Pete Anderson Antone's Sunday, May 4

Pete Anderson is in Utah, and he must be bored, because the 30 minutes allotted for the interview float into the ozone, and subjects pass like Greyhounds going in the other direction. Lots of things come up: how he produces albums ("by acting more like an arranger"), why Dwight Yoakam's Gone sounds the way it does ("Dwight likes the Monkees"), and the sweet R&B of his native Detroit. Mostly, the conversation lasts so long because both Anderson and interviewer love to talk about how screwed up the music business is.

Because the Big Suits certainly don't complain about his production work on Yoakam's mega-platinum albums or his fiery lead guitar work on the country star's always-sold-out arena tours, it's as owner of mom-and-pop indie Little Dog Records that Tha Bizness causes Anderson the most grief. Shocked at how much money the music industry throws away on making an album ($200,000 on a good day) Anderson, who's also worked with k.d. lang, the Meat Puppets, and Michelle Shocked, says, through Little Dog, he offers major-league production at Colt-league prices.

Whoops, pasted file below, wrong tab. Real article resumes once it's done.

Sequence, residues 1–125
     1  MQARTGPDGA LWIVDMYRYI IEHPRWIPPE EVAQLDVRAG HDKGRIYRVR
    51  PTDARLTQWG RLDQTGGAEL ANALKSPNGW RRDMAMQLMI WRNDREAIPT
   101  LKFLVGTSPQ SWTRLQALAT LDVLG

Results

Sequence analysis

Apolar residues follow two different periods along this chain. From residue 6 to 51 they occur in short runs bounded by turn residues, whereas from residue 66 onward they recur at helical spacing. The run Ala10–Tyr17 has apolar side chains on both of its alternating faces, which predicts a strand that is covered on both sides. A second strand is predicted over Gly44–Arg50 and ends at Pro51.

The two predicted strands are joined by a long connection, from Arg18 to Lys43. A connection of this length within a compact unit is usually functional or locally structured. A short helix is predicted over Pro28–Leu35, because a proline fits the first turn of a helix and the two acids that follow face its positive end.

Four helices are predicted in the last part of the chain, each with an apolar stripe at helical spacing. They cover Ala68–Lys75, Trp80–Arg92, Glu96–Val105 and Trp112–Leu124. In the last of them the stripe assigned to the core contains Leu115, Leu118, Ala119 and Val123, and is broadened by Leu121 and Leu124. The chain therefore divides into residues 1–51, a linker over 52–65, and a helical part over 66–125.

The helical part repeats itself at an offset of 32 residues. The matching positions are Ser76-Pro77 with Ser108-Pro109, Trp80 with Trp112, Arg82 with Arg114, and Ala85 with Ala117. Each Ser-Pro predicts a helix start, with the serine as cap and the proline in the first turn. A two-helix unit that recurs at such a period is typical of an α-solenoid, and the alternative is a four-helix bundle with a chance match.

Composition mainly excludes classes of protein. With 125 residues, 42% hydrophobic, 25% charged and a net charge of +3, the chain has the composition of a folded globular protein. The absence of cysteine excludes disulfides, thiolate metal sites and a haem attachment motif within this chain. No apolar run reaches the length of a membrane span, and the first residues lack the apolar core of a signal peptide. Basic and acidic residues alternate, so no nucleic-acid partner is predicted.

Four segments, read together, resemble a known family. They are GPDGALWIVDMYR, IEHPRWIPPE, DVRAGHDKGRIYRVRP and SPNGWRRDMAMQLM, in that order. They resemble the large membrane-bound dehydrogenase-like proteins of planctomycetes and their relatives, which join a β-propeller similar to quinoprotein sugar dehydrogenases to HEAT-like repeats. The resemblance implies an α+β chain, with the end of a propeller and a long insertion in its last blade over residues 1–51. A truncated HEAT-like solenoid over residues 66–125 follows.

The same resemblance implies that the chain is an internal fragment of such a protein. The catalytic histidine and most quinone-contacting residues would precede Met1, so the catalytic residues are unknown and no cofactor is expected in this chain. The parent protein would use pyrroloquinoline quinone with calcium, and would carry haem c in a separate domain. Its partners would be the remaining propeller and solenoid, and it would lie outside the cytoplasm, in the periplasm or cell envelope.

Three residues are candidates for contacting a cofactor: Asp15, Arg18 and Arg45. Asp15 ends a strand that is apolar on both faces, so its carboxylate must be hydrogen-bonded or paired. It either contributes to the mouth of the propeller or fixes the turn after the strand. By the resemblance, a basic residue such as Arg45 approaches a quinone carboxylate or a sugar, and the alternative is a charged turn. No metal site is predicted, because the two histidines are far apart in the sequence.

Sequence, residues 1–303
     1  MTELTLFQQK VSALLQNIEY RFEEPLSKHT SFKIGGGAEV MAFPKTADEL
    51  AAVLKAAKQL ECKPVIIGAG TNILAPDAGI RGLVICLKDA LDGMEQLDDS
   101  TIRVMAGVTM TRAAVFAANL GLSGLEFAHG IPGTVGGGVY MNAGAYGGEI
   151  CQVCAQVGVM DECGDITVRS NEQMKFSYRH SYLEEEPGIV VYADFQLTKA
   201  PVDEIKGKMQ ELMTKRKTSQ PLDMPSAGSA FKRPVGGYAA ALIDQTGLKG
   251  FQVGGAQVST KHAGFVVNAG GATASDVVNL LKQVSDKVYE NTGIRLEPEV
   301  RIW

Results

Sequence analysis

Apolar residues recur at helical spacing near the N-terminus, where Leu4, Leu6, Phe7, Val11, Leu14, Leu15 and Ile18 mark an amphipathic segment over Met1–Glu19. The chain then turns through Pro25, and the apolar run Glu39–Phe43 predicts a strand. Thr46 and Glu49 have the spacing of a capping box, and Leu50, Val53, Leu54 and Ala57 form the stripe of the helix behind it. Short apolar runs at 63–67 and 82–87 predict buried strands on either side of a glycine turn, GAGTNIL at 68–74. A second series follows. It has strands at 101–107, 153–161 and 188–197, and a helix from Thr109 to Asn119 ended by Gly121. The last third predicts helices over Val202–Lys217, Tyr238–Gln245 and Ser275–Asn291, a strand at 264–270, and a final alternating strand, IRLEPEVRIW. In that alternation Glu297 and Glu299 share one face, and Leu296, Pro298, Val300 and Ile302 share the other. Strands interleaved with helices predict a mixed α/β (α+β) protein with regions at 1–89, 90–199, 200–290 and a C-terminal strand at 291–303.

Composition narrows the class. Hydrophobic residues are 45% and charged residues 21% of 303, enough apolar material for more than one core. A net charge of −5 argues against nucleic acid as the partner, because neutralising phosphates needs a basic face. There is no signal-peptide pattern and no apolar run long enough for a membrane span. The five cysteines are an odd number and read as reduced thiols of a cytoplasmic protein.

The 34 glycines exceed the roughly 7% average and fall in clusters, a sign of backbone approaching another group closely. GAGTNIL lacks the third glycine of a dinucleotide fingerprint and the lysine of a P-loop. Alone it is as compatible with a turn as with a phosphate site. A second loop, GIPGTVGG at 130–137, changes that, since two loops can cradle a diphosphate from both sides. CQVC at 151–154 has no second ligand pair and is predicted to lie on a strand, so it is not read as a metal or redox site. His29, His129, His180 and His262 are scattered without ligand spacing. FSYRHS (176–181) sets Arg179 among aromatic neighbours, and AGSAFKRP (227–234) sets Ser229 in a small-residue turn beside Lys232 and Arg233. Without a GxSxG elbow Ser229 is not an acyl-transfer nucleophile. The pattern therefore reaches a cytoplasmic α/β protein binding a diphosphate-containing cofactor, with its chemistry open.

"I can turn around and make that same record for $12,000," says Anderson. "I'm making extremely competitive records, records that can perform at any level, at least production-wise. The real battle is the marketing."

If people don't know about Little Dog, they can't buy its product, and without the product, they probably won't go see Anderson and labelmates Jeff Finlan and the Lonesome Strangers (who join him at Antone's) in concert. At least not before. Now, Anderson, who, musically, concocts a bubbly roadhouse stew containing all sorts of past forms and styles, says the newfangled Internet is the way to go for indies like Little Dog.

"All I gotta do is make sure [people] see my address," he says. "That makes it pretty even. I don't have to show them pictures, they don't have to hear it on the radio, they're gonna go to their website and punch it up. Bam." Anderson says that kind of strategy makes the Big Suits nervous.

"[Major labels] have got a problem, too, because they'd like to get their website going, but they don't want to piss off their distributors," he says. "The hard part for them is they're in deep to like Tower, Virgin, Handelman's, all these people that put their records in the stores. How can they cut their throats?" -- Christopher Gray

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